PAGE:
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Female Filmmakers Express Concern Over Donald Trump’s Equal Employment Opportunity Commission Picks

Filmmakers are concerned that new EEOC hires could derail an ongoing investigation into possibly discriminatory hiring practices in Hollywood.


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A new report over on Deadline casts a troubling light on yet another corner of the Donald Trump administration.

Back in the fall of 2015, the U.S. Equal Employment Opportunity Commission began interviewing a wide variety of female film and television directors about their experience in the industry in service to an investigation into Hollywood and its potentially discriminatory hiring practices. It was a heralded move — one encouraged by the ACLU and other organizations — and one widely recognized as a major step forward in cracking open the machinations of the industry’s so-called boys’ club.

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But now, female filmmakers and their supporters are worried that Trump’s new picks for the EEOC might derail the ongoing investigation.

As Deadline notes, Trump has already picked Republican Victoria Lipnic to serve as the current acting chair of the EEOC, replacing Democrat Jenny Yang in the process (Lipnic, a lawyer by trade, has been a member of the EEOC since 2010). For awhile, it was rumored that Lipnic was in line for Secretary of Labor, a position that Trump ultimately nominated Andrew Pudzer for.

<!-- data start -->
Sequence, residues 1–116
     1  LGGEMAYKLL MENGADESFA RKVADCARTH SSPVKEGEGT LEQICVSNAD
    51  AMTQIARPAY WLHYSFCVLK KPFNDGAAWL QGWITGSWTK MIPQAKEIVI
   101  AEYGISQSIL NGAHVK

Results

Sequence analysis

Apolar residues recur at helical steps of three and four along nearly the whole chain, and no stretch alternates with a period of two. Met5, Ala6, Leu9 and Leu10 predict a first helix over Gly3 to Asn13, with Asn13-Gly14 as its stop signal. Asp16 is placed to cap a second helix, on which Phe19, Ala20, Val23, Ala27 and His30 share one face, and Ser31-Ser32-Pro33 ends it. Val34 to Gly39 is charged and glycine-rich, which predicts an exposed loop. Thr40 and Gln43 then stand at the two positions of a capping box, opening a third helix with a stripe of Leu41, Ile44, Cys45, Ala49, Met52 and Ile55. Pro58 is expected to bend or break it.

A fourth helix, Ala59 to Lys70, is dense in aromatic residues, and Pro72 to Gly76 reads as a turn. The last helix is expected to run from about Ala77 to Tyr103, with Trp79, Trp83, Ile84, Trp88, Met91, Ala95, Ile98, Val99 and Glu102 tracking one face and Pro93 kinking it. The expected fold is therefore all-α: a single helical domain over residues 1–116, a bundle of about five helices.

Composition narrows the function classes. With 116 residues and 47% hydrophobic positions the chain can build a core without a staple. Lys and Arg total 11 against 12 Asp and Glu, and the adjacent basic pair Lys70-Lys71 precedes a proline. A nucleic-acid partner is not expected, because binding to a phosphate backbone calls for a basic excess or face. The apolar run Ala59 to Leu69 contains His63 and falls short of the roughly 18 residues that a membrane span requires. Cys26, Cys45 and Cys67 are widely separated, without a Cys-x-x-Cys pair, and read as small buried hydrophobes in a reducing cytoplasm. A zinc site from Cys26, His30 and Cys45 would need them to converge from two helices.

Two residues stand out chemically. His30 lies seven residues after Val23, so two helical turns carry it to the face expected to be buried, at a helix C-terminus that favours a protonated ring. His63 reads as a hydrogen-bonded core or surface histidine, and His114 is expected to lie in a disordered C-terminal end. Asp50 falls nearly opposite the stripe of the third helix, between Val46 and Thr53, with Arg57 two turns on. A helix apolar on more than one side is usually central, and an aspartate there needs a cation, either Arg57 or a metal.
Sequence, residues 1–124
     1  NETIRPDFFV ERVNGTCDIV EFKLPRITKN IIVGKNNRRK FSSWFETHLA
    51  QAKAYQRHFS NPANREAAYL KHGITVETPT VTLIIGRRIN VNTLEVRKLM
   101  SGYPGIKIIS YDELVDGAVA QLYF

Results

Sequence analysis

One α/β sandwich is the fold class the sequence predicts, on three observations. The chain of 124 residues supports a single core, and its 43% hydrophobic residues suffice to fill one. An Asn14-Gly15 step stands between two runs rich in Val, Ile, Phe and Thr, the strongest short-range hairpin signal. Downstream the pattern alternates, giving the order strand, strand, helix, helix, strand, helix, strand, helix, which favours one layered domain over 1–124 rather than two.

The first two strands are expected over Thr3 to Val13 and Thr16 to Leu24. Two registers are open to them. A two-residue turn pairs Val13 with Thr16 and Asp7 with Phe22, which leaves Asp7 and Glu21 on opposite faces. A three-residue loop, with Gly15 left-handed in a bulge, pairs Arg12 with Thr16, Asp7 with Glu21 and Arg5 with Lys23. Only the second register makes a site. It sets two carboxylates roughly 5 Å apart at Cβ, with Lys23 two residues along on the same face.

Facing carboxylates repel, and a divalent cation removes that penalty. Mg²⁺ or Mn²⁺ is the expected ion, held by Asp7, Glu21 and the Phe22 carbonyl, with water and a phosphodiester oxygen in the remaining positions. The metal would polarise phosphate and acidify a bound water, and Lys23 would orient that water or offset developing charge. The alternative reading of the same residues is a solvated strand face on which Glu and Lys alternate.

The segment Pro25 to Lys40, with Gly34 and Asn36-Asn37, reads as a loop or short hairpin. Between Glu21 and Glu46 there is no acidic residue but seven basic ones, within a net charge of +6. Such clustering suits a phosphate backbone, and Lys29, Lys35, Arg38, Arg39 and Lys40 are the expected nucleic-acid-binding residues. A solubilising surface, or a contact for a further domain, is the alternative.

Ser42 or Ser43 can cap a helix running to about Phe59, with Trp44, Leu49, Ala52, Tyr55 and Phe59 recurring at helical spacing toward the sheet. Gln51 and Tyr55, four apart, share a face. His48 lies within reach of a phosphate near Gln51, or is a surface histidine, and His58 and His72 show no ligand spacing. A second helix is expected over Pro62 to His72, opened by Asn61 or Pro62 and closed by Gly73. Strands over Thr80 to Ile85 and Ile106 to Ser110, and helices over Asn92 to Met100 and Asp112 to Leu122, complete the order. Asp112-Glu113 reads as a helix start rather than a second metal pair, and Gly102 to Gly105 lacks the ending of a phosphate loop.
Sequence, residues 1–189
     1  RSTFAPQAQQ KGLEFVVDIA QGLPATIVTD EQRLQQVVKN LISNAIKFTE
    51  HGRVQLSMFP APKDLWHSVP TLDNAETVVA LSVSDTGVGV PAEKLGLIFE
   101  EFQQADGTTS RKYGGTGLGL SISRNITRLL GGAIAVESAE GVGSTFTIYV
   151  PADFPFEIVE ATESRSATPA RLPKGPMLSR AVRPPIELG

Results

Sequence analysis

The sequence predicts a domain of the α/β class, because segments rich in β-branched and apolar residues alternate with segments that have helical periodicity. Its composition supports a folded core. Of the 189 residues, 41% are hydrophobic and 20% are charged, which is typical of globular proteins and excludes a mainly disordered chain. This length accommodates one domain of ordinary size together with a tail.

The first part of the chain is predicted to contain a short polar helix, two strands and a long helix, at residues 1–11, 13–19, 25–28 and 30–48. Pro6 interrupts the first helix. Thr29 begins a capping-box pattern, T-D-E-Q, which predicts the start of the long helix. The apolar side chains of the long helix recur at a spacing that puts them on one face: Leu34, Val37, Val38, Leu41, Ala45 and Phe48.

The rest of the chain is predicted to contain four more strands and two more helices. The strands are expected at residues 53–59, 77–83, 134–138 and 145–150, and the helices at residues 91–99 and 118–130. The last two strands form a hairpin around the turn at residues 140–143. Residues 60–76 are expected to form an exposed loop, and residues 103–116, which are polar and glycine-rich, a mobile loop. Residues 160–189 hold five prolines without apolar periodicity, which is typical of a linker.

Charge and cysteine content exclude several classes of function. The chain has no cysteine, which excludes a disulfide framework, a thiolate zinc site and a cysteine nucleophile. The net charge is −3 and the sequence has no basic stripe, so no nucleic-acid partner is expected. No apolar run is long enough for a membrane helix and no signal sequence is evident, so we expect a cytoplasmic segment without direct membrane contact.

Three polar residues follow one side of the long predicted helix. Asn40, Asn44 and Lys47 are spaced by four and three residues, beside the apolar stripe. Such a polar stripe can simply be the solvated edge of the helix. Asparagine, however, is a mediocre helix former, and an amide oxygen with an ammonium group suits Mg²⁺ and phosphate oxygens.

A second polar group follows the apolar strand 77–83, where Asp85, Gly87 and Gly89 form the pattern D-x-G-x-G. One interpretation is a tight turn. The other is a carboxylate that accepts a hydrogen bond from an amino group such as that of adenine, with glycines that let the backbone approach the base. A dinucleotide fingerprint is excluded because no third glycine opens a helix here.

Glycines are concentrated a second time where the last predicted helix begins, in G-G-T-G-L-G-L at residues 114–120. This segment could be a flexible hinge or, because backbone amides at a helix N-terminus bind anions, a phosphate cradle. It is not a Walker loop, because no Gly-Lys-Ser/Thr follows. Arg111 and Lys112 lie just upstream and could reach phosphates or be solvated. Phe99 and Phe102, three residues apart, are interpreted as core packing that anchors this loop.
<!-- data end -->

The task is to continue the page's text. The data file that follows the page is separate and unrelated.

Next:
Per the outlet, “Lipnic, whose Senate confirmation is almost certain, has a history at the EEOC of viewing discrimination claims through a conservative lens – a view that tends to favor big business over labor, over women, and over women in labor.”

Deadline has detailed just a handful of Lipnic’s past positions that may prove worrisome, including her 2014 vote against the EEOC’s 2014 pregnancy discrimination “guidance” and her 2015 vote that discrimination based on sexual orientation should not count as gender discrimination.

Although the EEOC is currently 3-2 in favor of Democrats, when Yang’s term is up on July 1, the president will have the opportunity to appoint a Republican in the vacant seat, changing the party makeup of the commission (per the law, however, the EEOC may not include more than three commissioners from the same party).

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Director Rachel Feldman told the outlet, “We’re all talking about it. We’re all very concerned that Trump’s new picks are going to keep the EEOC from getting behind women directors and recognizing that the pattern of gender discrimination in Hollywood warrants governmental legal action.”

Feldman is one of over 100 female directors who have been interviewed by the EEOC as part of their investigation, and is one of a number of women to speak out about the impending issue. Head over to Deadline to check out the full report.

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